Encapsulation of Radioisotopes in Carbon Nanocages for BioMedical Applications
Abstract Encapsulation of Radioisotopes in Carbon Nanocages for BioMedical Applications Technology ID: #23017 Investigator: Prof. Boris Yakobson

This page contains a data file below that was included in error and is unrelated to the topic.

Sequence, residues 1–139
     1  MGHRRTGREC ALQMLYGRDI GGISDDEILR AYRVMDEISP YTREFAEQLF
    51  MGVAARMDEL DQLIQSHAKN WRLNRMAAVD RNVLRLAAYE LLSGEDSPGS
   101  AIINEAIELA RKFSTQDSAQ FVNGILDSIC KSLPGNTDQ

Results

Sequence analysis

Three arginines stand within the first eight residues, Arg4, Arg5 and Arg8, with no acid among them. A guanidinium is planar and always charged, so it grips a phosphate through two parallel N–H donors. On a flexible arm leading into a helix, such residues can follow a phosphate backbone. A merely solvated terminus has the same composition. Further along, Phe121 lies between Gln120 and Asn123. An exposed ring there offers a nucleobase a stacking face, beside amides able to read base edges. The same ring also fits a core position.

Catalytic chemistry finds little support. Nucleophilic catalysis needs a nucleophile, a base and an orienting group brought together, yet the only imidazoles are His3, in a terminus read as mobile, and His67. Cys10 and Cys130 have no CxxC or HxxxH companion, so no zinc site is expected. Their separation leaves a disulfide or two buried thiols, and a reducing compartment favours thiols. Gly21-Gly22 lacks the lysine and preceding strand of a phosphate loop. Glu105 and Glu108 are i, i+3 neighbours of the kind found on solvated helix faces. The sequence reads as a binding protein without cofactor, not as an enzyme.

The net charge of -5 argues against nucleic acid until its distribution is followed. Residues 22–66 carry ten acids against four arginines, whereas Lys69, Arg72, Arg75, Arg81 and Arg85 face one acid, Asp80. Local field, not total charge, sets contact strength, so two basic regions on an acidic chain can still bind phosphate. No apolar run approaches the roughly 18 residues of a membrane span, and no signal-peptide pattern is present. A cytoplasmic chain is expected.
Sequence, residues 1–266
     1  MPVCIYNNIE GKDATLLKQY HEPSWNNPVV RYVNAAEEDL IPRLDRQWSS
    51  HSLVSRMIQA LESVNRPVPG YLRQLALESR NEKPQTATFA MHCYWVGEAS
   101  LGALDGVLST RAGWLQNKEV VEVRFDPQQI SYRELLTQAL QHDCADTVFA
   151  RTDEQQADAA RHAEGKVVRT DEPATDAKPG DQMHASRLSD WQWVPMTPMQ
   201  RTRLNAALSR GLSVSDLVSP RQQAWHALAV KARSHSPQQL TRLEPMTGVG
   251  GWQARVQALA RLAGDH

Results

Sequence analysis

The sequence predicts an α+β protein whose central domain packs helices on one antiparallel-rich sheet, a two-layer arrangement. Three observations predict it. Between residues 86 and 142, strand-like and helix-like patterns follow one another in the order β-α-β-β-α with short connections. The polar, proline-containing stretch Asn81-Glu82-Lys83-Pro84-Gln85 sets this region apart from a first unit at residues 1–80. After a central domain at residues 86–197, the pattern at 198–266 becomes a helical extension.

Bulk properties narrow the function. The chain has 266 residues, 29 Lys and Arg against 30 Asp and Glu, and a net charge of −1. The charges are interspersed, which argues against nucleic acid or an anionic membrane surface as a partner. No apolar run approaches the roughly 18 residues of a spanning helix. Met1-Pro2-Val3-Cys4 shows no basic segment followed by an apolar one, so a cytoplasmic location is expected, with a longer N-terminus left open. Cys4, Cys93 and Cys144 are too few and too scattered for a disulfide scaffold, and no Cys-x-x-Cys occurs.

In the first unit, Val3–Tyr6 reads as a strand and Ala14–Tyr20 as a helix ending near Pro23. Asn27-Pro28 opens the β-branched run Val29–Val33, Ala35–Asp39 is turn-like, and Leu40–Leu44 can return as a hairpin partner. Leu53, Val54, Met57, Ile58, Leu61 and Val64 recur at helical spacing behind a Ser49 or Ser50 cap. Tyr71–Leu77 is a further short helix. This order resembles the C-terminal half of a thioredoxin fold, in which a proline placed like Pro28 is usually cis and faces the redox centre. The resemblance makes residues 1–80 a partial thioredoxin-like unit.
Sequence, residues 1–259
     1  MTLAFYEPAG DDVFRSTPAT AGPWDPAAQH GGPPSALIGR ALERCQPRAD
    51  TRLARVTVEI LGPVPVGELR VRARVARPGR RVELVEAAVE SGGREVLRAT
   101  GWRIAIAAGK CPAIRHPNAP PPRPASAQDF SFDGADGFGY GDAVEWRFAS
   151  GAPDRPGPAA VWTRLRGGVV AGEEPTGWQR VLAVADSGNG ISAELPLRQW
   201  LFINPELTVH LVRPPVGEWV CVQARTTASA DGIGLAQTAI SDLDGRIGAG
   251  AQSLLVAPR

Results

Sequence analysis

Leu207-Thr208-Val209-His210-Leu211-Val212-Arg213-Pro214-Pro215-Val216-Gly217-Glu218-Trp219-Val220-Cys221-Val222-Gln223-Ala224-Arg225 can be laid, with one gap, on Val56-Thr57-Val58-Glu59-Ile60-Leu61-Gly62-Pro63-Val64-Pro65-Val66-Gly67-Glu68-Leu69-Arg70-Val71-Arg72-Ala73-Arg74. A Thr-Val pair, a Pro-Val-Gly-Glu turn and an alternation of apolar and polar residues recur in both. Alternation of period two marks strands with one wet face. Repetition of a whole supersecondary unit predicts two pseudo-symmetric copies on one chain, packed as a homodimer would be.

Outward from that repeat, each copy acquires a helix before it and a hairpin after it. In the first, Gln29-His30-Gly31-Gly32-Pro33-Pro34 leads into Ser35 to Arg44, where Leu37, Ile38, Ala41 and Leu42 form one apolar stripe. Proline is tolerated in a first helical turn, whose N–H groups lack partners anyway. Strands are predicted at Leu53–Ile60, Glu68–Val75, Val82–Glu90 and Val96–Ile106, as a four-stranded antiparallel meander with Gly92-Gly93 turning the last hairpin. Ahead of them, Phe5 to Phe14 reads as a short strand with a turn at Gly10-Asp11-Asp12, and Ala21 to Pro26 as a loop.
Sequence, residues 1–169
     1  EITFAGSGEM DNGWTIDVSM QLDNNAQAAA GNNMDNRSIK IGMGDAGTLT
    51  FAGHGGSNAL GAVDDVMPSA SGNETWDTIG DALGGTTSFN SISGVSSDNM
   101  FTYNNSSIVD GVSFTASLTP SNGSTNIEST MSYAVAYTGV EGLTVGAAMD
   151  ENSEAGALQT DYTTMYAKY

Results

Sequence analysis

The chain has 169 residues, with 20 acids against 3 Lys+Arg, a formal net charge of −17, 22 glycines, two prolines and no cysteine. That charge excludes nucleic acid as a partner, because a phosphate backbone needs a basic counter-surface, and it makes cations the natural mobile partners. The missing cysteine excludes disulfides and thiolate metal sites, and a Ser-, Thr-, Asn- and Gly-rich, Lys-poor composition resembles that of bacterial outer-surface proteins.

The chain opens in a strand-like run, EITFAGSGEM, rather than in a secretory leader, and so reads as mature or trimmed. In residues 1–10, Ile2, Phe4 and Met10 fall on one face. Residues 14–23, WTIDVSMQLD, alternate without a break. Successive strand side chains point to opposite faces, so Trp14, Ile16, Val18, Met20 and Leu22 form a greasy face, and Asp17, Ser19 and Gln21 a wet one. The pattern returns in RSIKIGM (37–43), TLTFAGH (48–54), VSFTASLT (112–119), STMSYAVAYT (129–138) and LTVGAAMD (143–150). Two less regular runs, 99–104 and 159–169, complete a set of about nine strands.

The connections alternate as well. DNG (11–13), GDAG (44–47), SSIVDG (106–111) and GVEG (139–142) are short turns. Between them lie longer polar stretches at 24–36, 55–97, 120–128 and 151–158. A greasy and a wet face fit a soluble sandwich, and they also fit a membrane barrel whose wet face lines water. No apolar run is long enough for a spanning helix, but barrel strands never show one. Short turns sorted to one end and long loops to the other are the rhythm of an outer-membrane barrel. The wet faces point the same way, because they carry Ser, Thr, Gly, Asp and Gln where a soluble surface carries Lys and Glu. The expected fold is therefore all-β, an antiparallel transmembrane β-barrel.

Delivery of radioactive isotopes to specific targets in the body is important in the diagnosis and treatment of a wide array of diseases. Major problems with radiopharmaceuticals, however, are the chemical reactivity of these compounds, and the relatively high level of toxicity they possess. One approach to dealing with these problems is to encapsulate radiopharmaceuticals inside fullerene �nanocages� composed of pure carbon. This prevents the radioactive material from chemically reacting within the body without preventing the desired emission of radiation. Unfortunately, the energy required to project materials through the walls of fullerenes is prohibitive, resulting in poor yields of encapsulated materials. To address these problems, researchers at Rice have developed a method for chemically modifying nanocages which reduces the amount of energy required for encapsulation. Rice researchers have fluorinated carbon nanocages as an efficient path to facilitate synthesis of encapsulated radioisotope complexes. The method is based on the observation that fluorinating the exteriors of nanocages makes it easier for excited atoms and molecules to �punch� their way through the nanocage wall. Using this method, nanocage substrates are first fluorinated, significantly reducing the energy required for entry of ions, atoms, or molecules being used as radiopharmaceuticals. The nanocage can then be defluorinated if desired, followed by functionalization of the nanocage to create the desired tissue specificity or drug-delivery characteristics. This technology allows for the development of novel radiopharmaceuticals with enhanced safety characteristics and tissue specificity. Rice University is currently seeking a partner with experience in the drug delivery or radiopharmaceutical field to bring this technology to market.
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